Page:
More and more, pharmacists are taking an active role in health and wellness programs in the retail space. The pharmacy customer is very valuable to the retailer, and services are offered to attract and retain this shopper. At Wegmans and Price Chopper, for example, you’ll see cross merchandising of better-for-you foods in the pharmacy. Some pharmacists at Safeway and Kroger are trained as diabetes educators, offering classes and advice to this shopper. Both pharmacists and dietitians are being leveraged in employee health promotion campaigns, reaching a large consumer base across the retail industry.
Implications for Product Development
As retailers establish themselves as key partners in major public health objectives, it’s clear that point-of-purchase nutrition guidance, whether front-of-package or shelf edge, is here to stay. Product development professionals and food companies can utilize these systems to their benefit.
Benchmarking products against the competition is commonplace in the food industry, and these systems provide models to use when benchmarking on nutrition. Systems like ANDI and NuVal provide an opportunity to compare competitive products based on their nutrition score. Having a higher score or more compelling attribute callouts than the competition gives the consumer one more reason to buy. As manufacturers develop or market new products to retailers, it is important to consider the grocer’s system of choice and how to effectively position the new product within this system.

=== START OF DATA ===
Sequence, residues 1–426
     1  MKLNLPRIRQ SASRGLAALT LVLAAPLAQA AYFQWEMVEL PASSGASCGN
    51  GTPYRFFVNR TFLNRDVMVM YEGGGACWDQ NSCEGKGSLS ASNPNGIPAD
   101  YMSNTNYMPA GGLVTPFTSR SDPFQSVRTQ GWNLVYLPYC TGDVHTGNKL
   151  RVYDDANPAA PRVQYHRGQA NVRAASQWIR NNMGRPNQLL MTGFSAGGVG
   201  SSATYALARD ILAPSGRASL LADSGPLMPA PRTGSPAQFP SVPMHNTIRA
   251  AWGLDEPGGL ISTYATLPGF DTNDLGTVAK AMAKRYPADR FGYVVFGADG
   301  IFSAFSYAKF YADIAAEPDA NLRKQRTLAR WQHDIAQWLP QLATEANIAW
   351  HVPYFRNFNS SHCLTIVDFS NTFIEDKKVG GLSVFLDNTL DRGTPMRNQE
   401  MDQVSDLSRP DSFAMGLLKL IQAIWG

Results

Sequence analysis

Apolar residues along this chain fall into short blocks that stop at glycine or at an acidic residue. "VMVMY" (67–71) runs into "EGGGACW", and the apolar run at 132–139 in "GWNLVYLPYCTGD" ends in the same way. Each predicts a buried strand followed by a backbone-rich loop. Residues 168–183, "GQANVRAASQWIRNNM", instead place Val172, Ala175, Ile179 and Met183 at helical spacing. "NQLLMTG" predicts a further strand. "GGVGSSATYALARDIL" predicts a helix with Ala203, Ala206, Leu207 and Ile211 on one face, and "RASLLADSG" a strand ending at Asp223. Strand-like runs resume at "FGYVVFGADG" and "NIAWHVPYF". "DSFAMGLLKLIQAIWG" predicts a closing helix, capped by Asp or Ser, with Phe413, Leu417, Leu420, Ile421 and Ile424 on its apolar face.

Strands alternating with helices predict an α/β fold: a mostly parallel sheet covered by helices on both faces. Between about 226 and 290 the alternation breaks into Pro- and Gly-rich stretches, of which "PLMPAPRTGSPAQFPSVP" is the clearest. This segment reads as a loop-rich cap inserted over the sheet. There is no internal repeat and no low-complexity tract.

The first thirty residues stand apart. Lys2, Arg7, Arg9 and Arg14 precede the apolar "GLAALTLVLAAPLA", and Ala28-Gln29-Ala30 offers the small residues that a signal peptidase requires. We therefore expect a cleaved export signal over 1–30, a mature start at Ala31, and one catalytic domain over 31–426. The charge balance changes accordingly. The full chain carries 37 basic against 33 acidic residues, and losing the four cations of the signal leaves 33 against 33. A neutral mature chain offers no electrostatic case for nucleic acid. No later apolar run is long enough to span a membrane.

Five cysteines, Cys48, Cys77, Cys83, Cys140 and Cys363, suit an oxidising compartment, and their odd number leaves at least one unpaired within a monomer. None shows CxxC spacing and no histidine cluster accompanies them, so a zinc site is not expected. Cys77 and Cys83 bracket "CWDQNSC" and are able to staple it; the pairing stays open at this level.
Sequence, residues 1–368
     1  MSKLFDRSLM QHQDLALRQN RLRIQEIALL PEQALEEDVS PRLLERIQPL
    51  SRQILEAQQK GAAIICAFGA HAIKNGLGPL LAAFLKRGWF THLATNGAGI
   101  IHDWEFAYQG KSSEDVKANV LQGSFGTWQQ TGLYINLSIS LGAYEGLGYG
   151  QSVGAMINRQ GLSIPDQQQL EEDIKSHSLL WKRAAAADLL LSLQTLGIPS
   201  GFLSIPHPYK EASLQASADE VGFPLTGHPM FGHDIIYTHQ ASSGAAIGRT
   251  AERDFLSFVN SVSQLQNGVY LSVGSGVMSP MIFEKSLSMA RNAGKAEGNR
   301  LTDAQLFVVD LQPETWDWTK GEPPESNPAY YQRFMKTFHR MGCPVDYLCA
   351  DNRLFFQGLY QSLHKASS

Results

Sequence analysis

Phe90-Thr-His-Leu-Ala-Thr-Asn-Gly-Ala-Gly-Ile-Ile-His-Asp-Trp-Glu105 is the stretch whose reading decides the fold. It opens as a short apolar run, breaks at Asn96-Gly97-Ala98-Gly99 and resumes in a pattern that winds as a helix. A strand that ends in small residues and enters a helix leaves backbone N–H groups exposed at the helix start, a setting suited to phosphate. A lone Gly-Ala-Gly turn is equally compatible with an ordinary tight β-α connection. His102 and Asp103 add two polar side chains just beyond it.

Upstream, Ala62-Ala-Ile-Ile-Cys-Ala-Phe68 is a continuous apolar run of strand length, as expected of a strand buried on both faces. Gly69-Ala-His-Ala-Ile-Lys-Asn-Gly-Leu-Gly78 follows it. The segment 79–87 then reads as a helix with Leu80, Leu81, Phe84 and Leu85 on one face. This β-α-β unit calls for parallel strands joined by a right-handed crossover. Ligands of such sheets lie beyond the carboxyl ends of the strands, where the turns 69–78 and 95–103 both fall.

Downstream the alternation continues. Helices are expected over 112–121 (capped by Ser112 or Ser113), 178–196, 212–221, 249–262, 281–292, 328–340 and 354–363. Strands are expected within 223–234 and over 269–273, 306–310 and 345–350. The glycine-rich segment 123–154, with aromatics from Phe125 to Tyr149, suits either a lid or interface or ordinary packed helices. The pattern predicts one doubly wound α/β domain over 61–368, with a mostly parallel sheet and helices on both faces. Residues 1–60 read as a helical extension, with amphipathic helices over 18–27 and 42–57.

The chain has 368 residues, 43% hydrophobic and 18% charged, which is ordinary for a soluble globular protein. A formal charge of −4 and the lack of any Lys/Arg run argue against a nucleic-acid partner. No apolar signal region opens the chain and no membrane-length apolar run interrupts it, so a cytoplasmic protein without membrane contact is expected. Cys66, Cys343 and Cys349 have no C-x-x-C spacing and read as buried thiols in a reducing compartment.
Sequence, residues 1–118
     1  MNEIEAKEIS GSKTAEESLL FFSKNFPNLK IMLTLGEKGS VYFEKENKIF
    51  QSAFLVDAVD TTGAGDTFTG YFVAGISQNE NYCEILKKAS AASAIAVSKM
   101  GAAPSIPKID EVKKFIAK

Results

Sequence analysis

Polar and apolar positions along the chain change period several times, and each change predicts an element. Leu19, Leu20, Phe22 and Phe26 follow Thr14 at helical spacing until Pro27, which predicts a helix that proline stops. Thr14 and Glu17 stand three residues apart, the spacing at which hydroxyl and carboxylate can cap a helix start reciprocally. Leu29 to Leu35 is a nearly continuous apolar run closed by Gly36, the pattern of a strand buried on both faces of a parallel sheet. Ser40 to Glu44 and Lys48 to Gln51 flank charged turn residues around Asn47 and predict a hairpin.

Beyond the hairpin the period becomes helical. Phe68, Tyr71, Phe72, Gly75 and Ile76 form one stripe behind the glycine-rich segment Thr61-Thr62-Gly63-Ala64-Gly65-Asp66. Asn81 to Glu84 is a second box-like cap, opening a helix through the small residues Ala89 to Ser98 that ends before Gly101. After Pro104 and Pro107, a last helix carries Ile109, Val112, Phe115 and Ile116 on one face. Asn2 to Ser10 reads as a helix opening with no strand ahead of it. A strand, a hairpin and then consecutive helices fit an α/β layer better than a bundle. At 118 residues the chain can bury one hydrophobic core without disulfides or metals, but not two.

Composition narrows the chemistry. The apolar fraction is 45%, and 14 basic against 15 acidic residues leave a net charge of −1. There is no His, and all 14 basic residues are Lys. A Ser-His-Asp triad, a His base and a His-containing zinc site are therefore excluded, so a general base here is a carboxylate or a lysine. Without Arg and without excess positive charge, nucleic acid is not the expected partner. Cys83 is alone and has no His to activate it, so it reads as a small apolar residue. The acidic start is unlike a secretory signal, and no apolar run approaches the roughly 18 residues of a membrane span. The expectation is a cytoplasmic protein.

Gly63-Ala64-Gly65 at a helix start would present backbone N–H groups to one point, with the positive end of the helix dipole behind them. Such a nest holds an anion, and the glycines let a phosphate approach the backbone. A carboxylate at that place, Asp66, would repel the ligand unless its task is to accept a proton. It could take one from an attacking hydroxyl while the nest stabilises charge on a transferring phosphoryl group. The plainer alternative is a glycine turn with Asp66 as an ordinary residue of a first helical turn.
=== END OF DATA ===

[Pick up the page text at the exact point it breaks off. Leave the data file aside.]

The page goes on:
One of the greatest challenges for all shelf-edge programs is ensuring the products’ scores or attributes are based on the manufacturer’s current formulation and label. With the frequent rate of change on food products as well as regional formulations and “in-and-out” promotions, it can be difficult to keep information current. Manufacturers have the opportunity to partner with these programs to ensure product data is accurate and up to date.
Historically, grocery retailers have been most effective at implementing promotional type programs and events. Large displays of Super Bowl party foods, ordering options for ready-made Thanksgiving meals, and back-to-school promotions are examples. With health and wellness, retailers are proving they can maintain a long-term, ongoing commitment to being a solution provider to their shopper.
Annette Maggi, M.S., R.D., L.D., F.A.D.A., a member of IFT, is President, Annette Maggi & Associates, Inc., 5941 Burke Trail, Inver Grove Heights, MN 55076 ([email protected]).
Chiuve, S.E., Sampson, S., Willett, W.C. 2011. The Association Between a Nutritional Quality Index and Risk of Chronic Disease, American Journal of Preventive Medicine, 40(5).
Hamrick, K.S., Andrews, M., Guthrie, J., Hopkins, D., McClelland, K. 2011. How Much Time Do Americans Spend on Food? EIB-86, U.S. Dept. of Agriculture, Economic Research Service.
IFIC (International Food Information Council) 2011. Front of Package Labeling Consumer Research Project.
IOM (Institute of Medicine) 2010. Examination of Front-of-Package Nutrition Rating Systems and Symbols: Phase I Report. The National Academies Press.
IOM 2012. Front-of-Package Nutrition Rating Systems and Symbols: Promoting Healthier Choices. The National Academies Press.
Milne, D. 2012. Consumer Reaction to FOP Labeling. Presented at IFT Annual Meeting. Las Vegas, NV. June 25-28.
Roberto, C.A., Bragg, M.A., Schwartz, M.B., Seamans, M.J., Musicus, A., Novak, N., Brownell, K. 2012. Facts Up Front Versus Traffic Light Food Labels: A Randomized Controlled Trial. American Journal of Preventive Medicine.
Sutherland, L.A., Kaley, L.A., Fischer, L. 2010. Guiding Stars: the effect of a nutrition navigation program on consumer purchases at the supermarket. The American Journal of Clinical Nutrition.